Looking at the smile from Roger Lee's shoulders
Submodular mean field games: Existence and approximation of solutions
We study mean field games with scalar Itô-type dynamics and costs that are submodular with respect to a suitable order relation on the state and measure space. The submodularity assumption has a number of interesting consequences. Firstly, it allows us to prove existence of solutions via an application of Tarski's fixed point theorem, covering cases with discontinuous dependence on the measure variable. Secondly, it ensures that the set of solutions enjoys a lattice structure: in particular, there exist a minimal and a maximal solution. Thirdly, it guarantees that those two solutions can be obtained through a simple learning procedure based on the iterations of the best-response-map. The mean field game is first defined over ordinary stochastic controls, then extended to relaxed controls. Our approach also allows to treat a class of submodular mean field games with common noise in which the representative player at equilibrium interacts with the (conditional) mean of its state's distribution.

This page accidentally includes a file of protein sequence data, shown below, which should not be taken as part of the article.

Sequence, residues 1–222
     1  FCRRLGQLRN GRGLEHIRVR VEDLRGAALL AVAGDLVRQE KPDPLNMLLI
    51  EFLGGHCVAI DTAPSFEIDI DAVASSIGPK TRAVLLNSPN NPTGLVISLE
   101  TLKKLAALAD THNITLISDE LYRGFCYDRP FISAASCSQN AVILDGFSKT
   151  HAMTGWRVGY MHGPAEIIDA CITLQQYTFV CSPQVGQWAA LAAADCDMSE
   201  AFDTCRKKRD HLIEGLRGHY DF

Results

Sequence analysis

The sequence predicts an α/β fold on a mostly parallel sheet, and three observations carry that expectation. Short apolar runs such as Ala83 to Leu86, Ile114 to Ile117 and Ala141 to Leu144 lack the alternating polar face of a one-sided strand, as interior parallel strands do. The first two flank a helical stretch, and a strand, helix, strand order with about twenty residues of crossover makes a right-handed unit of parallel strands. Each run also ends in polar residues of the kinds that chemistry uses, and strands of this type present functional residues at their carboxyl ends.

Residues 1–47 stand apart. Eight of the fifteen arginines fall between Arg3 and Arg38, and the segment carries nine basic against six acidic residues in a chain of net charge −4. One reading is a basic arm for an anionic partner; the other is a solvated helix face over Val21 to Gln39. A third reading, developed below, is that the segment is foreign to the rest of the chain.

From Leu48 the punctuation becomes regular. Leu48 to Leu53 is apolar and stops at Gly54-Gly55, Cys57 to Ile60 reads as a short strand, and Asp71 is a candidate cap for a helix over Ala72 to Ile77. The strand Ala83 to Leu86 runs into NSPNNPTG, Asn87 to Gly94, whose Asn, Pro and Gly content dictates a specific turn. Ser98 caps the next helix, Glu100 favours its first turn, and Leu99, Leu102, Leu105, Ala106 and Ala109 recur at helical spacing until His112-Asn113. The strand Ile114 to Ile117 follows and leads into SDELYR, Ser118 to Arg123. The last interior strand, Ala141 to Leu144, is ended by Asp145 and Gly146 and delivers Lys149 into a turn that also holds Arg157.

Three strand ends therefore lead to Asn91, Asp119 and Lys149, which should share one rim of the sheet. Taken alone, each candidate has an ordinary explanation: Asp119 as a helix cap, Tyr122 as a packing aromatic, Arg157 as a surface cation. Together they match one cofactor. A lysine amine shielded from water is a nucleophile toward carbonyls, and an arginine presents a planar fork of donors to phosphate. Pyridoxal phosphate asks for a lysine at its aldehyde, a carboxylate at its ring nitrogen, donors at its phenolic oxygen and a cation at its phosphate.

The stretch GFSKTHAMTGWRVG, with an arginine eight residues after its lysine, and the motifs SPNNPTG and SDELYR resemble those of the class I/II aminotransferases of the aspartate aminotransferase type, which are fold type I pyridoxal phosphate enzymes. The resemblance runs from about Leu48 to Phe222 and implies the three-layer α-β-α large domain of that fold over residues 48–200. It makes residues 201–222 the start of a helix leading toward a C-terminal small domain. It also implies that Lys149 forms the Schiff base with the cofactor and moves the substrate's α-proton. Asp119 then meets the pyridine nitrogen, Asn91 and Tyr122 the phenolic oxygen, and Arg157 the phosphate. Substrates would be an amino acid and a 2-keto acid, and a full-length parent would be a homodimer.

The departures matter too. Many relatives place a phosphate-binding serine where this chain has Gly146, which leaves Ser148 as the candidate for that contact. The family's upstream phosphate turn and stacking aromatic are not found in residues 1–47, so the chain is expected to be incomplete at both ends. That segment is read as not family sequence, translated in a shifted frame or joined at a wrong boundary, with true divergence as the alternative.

This talks is based on a joint work together with Giorgio Ferrari, Markus Fischer and Max Nendel
Hedging with market and limit orders
Asset-pricing puzzles and price-impact
We solve in closed-form a continuous-time Nash equilibrium model in which a finite number of investors with exponential utilities continuously consume and trade strategically with price-impact. Compared to the analogous Pareto-efficient equilibrium model, price-impact has an amplification effect on risk-sharing distortions that helps resolve the interest rate puzzle. However, price impact has little quantitative effect on the equity premium and stock-return volatility puzzles. Joint work with Xiao Chen (Rutgers), Jin Hyuk Choi (UNIST), and Duane J. Seppi (CMU).
Portfolio Optimisation within a Wasserstein Ball